Waxwork (1988) starring Zach Galligan, Deborah Foreman, Michelle Johnson
Reviewed by: The Masked Reviewer
Waxwork begins with the robbery of a wealthy man who is brutally murdered by being set on fire. Decades later a wax museum opens up in the suburbs. One day the enigmatic owner appears out of nowhere and offers China (Michelle Johnson) and Sarah (Deborah Foreman) a free midnight showing with some of their friends.
They invite Mark (Zach Galligan), Tony (Dana Ashbrook), and two others but they back out last minute. Hans (Michu Meszaros) the little person that answers the door is not pleased by how few guests came to the showing. Hans lets them examine the exhibits by themselves as the owner couldn’t give them the tour like he planned. Tony accidentally drops his lighter in the werewolf exhibit so he reaches in to pick it up when he is suddenly transported into the woods wearing an early American outfit. Looking for help he finds a small cabin that looks like the exhibit. You have to watch Waxwork for yourself. My descriptions will not do this film justice.
Cast of characters
- Mark Loftmore (Zach Galligan, Gremlins 2): A curious, rash, lazy young man that is tired of people treating him like an idiot rich kid.
- Sarah Brightman (Deborah Foreman): A sweet, intelligent girl with a curious interest in a rather disturbing subject.
- China Webster (Michelle Johnson, Far and Away): A spoiled, determined girl that uses everyone, and everything to her advantage.
- Tony (Dana Ashbrook. Return of the Living Dead II): Mark’s best friend, and an awful comedian.
- Johnathan (Micah Grant, Like Father Like Son): A teen that relies more on his brawn, that his brains.
- Jenkins (Joe Baker, Robin Hood: Men in Tights): Mark’s friend, and father figure, he is caring, brave, and practical. Joe Baker has made one of the best depictions of a butler in film that I have ever seen.
- Sir Wilfred (Patrick Macnee, The Howling): Mark’s godfather, that has information about the wax museum’s dark secret.
Waxwork is not meant for watching with your family, this film has gore, cursing, sadism, and Tony’s unfunny jokes. But this is a great horror-comedy, for every moment of horror, there is a hilarious comedic moment to make you laugh. Waxwork is a well timed, and well-shot film. The fight scenes feel organic because no one breaks character to show off special moves. When there is a silly moment in a fight, it is intentional. The special effects are still visually impressive. The dialog ranges from great to so bad it good. This film mastered self-referential humor long before Scream was made.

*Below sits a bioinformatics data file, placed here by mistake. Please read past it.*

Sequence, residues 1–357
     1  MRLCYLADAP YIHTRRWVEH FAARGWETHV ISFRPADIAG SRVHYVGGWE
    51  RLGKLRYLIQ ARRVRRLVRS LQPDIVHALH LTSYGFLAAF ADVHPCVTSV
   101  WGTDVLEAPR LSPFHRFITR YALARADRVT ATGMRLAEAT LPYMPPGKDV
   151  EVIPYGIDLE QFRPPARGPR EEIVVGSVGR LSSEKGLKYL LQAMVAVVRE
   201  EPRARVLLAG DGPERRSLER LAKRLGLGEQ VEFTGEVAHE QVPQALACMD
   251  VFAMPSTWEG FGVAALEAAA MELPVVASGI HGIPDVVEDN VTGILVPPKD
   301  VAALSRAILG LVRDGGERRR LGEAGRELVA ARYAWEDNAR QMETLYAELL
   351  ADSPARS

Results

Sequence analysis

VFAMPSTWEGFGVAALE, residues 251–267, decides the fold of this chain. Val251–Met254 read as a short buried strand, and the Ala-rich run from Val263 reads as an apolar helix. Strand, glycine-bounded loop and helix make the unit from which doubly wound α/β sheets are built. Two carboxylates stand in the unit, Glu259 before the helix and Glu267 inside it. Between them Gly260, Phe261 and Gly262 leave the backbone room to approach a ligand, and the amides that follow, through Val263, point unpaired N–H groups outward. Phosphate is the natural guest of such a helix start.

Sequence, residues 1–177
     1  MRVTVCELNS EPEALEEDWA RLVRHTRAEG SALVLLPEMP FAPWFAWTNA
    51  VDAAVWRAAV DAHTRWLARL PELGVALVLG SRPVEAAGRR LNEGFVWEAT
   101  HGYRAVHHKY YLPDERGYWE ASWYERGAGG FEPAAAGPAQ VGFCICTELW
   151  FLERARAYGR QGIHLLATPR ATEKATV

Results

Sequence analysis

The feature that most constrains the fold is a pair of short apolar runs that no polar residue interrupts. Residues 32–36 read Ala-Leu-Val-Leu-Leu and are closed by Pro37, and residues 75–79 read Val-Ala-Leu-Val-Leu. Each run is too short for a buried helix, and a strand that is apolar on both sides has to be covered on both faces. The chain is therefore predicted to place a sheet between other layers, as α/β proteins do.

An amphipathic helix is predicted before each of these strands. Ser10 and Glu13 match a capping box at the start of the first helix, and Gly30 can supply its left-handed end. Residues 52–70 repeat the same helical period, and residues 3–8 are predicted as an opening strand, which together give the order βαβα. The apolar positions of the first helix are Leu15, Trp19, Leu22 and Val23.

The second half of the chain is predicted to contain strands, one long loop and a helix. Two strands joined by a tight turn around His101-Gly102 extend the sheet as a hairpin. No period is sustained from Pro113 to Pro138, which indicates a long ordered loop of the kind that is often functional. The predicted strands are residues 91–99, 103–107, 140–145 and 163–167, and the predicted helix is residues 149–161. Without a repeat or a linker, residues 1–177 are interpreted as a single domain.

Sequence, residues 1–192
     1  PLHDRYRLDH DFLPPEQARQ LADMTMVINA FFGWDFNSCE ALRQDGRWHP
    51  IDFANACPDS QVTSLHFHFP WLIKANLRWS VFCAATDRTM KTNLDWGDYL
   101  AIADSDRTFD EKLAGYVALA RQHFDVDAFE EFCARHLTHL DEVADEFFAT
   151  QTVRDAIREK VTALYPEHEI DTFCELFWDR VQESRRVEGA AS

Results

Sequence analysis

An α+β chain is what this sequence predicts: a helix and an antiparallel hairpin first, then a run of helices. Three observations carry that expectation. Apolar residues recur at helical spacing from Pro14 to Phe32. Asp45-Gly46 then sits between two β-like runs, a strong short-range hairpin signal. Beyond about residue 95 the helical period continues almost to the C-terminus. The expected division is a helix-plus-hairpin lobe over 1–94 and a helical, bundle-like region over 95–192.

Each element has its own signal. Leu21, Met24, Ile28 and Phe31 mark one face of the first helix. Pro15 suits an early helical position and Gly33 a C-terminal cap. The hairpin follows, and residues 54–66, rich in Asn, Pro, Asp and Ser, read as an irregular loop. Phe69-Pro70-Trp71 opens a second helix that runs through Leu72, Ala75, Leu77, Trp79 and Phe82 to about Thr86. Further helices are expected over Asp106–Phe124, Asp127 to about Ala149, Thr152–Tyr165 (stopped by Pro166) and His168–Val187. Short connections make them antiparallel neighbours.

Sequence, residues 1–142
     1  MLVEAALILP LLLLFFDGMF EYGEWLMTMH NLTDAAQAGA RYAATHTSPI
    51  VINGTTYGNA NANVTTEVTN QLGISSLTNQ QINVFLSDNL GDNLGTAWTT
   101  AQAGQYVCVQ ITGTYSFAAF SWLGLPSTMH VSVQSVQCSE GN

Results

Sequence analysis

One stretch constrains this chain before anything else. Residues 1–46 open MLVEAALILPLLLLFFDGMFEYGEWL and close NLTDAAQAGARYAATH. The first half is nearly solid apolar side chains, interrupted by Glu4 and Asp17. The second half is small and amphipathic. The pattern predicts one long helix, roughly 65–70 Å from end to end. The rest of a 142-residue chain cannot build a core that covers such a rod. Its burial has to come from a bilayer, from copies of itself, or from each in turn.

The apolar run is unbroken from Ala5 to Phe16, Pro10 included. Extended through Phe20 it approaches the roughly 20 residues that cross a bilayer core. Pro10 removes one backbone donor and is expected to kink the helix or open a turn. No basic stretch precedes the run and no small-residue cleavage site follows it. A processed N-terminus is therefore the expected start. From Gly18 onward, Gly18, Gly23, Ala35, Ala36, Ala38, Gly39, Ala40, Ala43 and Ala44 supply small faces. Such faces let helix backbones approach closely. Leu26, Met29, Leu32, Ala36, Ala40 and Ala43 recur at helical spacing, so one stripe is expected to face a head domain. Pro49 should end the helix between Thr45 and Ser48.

The villains are a joy to watch.
- Waxwork Man (David Warner, Titanic, Tron): An enigmatic man with the charming smile of a spider luring its prey. When you find out what his name is the film also reveals the secret of the wax museum.
- Hans (Mihaly ‘Michu’ Meszaros): A charming host with a flair for the dramatic. He also has a quick temper when it comes to Junior.
- Junior (Jack David Walker, The Strongest Man in the World, Mac and Me): A well-meaning giant of a man. Unfortunately for Mark, and his friends he is not gentle.
- Count Dracula (Miles O’Keeffe, The Blade Master): A soft-spoken villain with a quiet malevolence about him.
- Werewolf (John Rhys-Davies, Lord of the Rings, Raiders of the Lost Ark): This is one of the best portrayals of a man suffering from lycanthropy in my opinion.
- Marquis de Sade (J. Kenneth Campbell, The Abyss): Marquis de Sade, the king of sadism himself. This deranged, evil fop is horrifying and simultaneously hilarious.
Waxwork is a blast. The scary scenes are genuinely frightening. The comedy scenes made me laugh. There are some odd music choices for Waxwork but they aren’t too distracting. This film is cheesy, sometimes hammy, but there are some terrifying moments that stuck with me for years. If you decide you want to watch Waxwork look for the unrated version.
I rate Waxwork 4/5 stars